Today is the first Second Floor challenge! Are you ready to take it to the second floor?
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The challenge this time around is to use gold paint. Whatever that means to you or however it inspires you. The prompt is simply meant to get you started. The level of challenge you aim for is entirely internal and up to you.
Click here to see what Nat did.
I had done a bit of printing with the Gelli Plate before, but this was my first time creating layered prints and I was thrilled with the results!
I could have stopped there. It was already a bit of a push. In my original envisioning of the project I thought the printing would be my experiment with gold paint.
But embracing the idea of taking it to the second floor, I decided to do something very far outside my comfort zone: formal collage. I started to play around with some stitching and layering and....
I really *hated* how it turned out. Just sort of all over the place. No focus. The print that was so beautiful had been "ruined" by my messing around with it. Picture a super sad Julie here.
In writing this blog post today I realize that I should have taken a photo at this point. But I'm a never-say-die kind of girl and as soon as I hated it, I resolved to fix it. I read a quote on Roben-Marie's blog last week that said, "When you discover what you fear most, run towards it." Right on. This is a life philosophy I try very hard to embrace -- don't always succeed at it -- but it's a goal of mine, especially artistically.
I experimented and pushed myself out of my comfort zone. And it wasn't good. So now I had two choices:
- Stop, photograph, and write about what I learned from the failure.
- Never-say-die and keep going.
You can probably guess which road I chose.
Rescue came in the form of this little book:
Most of my fumblings are somehow magically hidden by folding the ugly collage in half and turning it into a book cover. Although I will tell you that despite the pretty pictures, the book has a few issues of its own.
Here are just a few of the things I learned from this challenge:
- A collage requires a certain amount of unity whereas a book cover can just be bright colors and interesting patterns. This is congruent with an old art trick of taking something you hate and cutting it into the pieces. The smaller pieces almost always work better than the large piece.
- The print I started with was one hundred times more interesting than the collage I ended up with. Perhaps collage is something better done with either (a) smaller pieces of layered prints or (b) simple prints. In fact, I think collage (for me) works best with manufactured prints because it's the contrast between the hard manufactured line and my own soft line that makes it interesting.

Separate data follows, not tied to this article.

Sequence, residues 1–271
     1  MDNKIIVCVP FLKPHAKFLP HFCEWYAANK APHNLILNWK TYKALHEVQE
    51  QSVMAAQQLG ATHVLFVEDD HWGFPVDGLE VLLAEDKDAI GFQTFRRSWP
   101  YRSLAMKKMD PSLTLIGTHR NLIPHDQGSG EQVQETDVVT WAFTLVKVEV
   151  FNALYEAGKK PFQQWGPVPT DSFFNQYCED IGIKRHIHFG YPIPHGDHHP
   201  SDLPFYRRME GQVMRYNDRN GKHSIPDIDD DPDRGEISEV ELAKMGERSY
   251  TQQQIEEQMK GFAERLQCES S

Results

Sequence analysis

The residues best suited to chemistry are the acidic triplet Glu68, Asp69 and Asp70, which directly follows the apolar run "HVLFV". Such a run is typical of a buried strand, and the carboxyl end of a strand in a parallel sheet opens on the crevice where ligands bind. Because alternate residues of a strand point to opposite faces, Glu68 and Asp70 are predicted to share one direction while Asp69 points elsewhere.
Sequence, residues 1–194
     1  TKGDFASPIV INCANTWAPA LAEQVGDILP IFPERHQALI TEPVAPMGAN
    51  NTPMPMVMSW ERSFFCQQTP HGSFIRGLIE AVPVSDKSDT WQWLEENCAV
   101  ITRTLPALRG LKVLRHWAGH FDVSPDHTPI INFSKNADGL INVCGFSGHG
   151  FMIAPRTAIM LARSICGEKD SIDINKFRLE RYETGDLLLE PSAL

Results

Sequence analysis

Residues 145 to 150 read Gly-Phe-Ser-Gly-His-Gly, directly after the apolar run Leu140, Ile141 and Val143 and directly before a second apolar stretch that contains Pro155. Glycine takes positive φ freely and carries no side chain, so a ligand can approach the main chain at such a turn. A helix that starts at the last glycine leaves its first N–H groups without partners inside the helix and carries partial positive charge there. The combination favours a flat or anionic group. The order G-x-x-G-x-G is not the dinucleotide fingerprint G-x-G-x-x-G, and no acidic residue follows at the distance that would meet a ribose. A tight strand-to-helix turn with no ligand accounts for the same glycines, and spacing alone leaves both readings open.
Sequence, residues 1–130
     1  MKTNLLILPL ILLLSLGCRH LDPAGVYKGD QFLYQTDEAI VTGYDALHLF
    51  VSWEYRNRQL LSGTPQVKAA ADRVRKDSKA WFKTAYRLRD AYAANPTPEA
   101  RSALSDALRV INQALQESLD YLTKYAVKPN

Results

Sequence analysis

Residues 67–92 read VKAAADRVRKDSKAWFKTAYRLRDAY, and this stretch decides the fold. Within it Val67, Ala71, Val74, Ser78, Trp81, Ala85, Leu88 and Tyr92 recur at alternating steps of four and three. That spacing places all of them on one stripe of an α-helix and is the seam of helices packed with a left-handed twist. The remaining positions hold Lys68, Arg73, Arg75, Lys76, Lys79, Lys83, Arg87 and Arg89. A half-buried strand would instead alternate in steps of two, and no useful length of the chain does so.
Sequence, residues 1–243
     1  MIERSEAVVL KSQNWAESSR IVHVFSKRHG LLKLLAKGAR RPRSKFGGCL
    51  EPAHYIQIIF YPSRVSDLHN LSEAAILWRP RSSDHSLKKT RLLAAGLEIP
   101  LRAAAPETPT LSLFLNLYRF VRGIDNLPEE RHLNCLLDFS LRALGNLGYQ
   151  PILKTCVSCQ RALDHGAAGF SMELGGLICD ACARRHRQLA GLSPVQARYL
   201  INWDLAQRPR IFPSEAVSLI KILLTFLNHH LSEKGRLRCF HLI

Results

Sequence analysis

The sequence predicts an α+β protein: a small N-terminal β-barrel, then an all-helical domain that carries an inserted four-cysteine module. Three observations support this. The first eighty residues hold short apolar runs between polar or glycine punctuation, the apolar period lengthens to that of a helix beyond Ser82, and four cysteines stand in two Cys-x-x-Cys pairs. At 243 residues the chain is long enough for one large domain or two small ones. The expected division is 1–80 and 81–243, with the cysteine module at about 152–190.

- As far as the book is concerned, I took the easy way out and used a tape runner to secure the end papers (inside the covers). Bad idea. The book pages they're made from are fragile. I should have taken the time to properly wet glue them.
- Also the binding of the book. I just shoved it through my sewing machine. I much prefer the feeling of a book that has been handstitched and it really doesn't take much longer, especially with a little pamphlet style book like this.
- One of the things I really like about the book is that I mixed watercolor paper with deli paper for a neat mix of surfaces to work on. I like the translucent/opaque contrast between them.
- As far as the Gelli Printing is concerned, there's so much to love there. I loved cutting out the feather shapes (from my 12x12 Peacock Feather stencil) and using them as masks. Definitely going to do that again. Taking the time to cut them out was totally worth the result.
- And I loved having the painted feathers around, though collaging them on top of the print was probably not that smart.
- Another Gelli Printing thing I loved was printing time after time onto watercolor paper, deli paper, book pages, whatever was around. Lots of cool variation. Another good one to try again.
- Something I learned about myself: it's really hard for me to share something that failed without a positive resolution. Really super duper hard. But that's what this Second Floor project is all about. And if I was really good at doing it, I wouldn't need this challenge, would I? I'm not sure I'm leading by example today, but I'm trying my very best.
Who knew you could learn so much from an evening spent playing with paper and paint? Well, now I do. And now you do too. Imagine how much we can all learn from each other's experiments?!
If you decide to play along with our Second Floor challenge (we'd love to have you) please leave a link to your blog or wherever you decide to share your project! Of course, I would love it if you'd share a line or two in your blog post or flickr photo comment about something you learned from the project. (If Nat and I have done this linky list correctly, when you leave a link on Nat's blog it should show up on this blog and vice versa.)
If you're not up for sharing 100% publicly, we have set up a totally private flickr group. It's a way of sharing within a safe space.
Thanks for stopping by!